When I was accepted into the University Honors Program, I was ecstatic – until I learned that the program would not accept my Advanced Placement science credit.
The University does not allow honors students to use their AP science credit to place out of the required honors science seminar. Science credits can benefit students because they offer a basic understanding of complex concepts, but it is unnecessary to require students to take a course they have already passed with high marks.
The University might not allow honors students to count their science credit from high school because they want to create well-rounded students who have experienced diverse, liberal arts education. But students who have already passed college-level science courses in high school have shown that they have a well-rounded education. Officials should not expect students to spend college rehashing material learned in junior or senior year of high school. The University should allow honors students to count their AP science credit because they have already shown they are capable of completing college-level science courses.
Students who are not in the honors program are not required to retake AP science courses they have passed. Students in the honors program should be able to carry over the same number of AP credits as non-honors students because they have demonstrated an understanding of whichever topic they learned in high school. Students – both in the honors program and not – who can carry over AP credits have earned a four or five score and demonstrated they are well-versed in the topic.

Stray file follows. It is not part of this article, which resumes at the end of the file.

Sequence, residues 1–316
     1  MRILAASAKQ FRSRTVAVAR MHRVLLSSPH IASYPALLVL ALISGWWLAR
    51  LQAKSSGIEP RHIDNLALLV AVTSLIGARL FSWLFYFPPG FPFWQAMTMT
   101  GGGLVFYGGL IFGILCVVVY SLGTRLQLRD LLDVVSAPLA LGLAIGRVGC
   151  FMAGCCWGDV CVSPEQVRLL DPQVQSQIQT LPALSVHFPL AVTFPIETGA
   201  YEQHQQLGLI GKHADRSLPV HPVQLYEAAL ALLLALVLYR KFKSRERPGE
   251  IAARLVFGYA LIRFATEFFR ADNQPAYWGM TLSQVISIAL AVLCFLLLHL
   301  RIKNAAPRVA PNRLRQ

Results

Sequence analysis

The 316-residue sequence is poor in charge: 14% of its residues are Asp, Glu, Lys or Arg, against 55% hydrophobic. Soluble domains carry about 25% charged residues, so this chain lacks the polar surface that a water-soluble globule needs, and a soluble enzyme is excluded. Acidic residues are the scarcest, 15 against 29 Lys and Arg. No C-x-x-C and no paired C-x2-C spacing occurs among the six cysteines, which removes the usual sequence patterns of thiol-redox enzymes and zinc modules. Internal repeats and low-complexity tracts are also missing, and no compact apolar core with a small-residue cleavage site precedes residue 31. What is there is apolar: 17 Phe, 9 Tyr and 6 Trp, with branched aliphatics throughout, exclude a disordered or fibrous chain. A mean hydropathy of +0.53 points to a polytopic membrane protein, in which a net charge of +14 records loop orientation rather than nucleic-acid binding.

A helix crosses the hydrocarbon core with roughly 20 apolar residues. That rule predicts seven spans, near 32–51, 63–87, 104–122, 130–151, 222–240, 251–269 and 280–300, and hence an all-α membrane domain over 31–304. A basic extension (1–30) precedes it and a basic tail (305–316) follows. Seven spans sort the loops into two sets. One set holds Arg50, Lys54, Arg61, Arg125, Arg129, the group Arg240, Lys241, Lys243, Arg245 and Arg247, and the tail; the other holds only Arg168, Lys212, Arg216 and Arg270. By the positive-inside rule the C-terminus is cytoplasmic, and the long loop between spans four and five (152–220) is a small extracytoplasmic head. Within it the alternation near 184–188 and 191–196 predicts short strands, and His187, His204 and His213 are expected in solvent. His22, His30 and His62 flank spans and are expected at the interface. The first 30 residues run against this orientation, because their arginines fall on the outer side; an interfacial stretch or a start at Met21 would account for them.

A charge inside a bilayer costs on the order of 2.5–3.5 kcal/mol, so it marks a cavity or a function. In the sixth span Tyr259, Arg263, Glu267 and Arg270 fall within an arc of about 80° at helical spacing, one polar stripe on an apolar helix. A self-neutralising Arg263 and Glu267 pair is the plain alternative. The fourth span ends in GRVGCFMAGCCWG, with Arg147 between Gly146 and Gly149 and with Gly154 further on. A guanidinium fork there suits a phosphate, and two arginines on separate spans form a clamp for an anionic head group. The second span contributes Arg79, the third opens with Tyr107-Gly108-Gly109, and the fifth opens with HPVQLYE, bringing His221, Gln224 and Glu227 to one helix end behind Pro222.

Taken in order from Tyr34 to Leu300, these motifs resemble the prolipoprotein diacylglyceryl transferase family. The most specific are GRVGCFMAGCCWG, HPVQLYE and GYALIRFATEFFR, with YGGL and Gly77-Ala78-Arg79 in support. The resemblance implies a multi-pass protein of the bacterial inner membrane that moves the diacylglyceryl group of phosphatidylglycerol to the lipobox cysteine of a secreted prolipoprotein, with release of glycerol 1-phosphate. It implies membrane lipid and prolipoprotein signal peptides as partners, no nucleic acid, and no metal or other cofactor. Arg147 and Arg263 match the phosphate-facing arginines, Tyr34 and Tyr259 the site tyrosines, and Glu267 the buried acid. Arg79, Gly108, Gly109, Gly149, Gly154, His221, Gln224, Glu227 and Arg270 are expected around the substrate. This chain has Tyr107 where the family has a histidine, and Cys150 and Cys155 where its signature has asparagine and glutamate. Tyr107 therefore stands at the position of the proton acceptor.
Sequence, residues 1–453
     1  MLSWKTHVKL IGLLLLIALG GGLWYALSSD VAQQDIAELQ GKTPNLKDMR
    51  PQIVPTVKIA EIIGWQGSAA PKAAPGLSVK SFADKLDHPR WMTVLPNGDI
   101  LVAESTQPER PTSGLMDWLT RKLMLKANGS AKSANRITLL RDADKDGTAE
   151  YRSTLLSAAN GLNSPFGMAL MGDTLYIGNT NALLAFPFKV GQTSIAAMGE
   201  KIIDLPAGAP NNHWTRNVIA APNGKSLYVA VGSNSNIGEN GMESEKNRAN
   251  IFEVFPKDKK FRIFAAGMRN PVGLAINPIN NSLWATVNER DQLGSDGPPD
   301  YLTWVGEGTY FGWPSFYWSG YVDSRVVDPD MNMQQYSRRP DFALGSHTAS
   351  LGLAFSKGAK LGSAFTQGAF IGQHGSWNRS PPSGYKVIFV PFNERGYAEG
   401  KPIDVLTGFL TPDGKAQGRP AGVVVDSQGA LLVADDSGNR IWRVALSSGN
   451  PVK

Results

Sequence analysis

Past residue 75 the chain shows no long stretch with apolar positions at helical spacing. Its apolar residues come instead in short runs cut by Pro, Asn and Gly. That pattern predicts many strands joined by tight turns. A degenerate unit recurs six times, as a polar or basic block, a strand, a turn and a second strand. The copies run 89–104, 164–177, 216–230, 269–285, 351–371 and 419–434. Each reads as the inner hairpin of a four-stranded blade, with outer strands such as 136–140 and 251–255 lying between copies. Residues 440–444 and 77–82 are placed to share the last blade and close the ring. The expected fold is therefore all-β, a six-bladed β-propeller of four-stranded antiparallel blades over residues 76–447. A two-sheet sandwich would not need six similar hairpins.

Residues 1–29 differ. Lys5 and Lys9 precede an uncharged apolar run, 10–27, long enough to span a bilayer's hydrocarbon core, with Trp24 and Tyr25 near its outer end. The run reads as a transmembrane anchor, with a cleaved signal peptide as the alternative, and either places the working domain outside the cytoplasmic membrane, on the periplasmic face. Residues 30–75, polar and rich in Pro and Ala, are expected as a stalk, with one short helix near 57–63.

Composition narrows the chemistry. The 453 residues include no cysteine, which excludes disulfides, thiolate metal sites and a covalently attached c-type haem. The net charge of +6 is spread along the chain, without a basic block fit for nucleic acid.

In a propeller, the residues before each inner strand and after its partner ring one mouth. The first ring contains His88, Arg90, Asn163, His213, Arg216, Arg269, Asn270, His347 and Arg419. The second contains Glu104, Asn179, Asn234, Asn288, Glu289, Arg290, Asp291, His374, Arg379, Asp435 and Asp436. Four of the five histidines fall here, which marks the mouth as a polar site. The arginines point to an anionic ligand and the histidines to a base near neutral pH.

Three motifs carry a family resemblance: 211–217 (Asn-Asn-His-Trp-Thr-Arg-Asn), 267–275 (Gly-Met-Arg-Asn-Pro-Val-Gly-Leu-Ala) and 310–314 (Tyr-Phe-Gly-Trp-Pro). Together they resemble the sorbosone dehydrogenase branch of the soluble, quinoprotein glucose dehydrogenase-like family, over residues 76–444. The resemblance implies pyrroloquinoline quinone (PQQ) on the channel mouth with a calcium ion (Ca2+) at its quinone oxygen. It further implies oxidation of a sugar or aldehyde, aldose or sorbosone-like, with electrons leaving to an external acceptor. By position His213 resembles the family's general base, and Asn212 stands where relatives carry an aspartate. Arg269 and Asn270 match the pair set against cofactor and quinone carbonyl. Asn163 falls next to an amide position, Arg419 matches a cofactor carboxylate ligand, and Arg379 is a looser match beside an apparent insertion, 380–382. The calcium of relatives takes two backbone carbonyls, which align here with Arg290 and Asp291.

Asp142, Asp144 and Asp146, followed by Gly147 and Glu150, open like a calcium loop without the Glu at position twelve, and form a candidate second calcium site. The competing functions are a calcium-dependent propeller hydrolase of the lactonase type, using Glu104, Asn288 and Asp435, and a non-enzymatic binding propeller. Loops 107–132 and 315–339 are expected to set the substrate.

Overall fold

Students also take AP courses in high school because it is one way of cutting down on college credits. For some students, they only take AP courses because they want to get certain requirements out of the way and potentially speed up their graduation track. Mandating that students in the honors program repeat college-level courses they took in high school puts them at a disadvantage to their peers who are not in the honors program.
I settled on taking Energy, one of the science seminars offered in the program. I assumed that it would be about energy policy and conservation, but I quickly realized that the course was just rehashing material I had already learned in AP Physics. I was disappointed because I came to GW to learn about areas I am interested in, like politics, international economics and development, and national security – not to learn basic physics for the second time.
If the University wants to continue to force honors students to take a science course, they should at least tailor the science courses to liberal arts, especially for those who have taken an AP- or IB-level science course in high school. Mathematics and Politics, a course offered by the mathematics department, is popular because it fulfills a math requirement for students and connects math with a topic they might study. The University should add more interdisciplinary courses so students who are required to take science credits can receive an in-depth education about a topic that connects to their field of study.
Some of the University’s peer schools do not require honors students to retake the same high school AP classes. Boston University provides several science courses, ranging from courses like Energy: The History of a Concept to The Representation and Misrepresentation of History in Art. Similarly, the University of Southern California does not require its honors students to complete a science requirement and instead offers a “thematic option” that lists classes on topics like interdisciplinary writing and critical thinking.
Students who have already completed college-level courses should not need to repeat material they have already learned. The University should allow honors students to use their AP or IB credit in college or work to incorporate liberal arts in required science courses.
Ben Halsted, a freshman majoring in international affairs, is an opinions writer.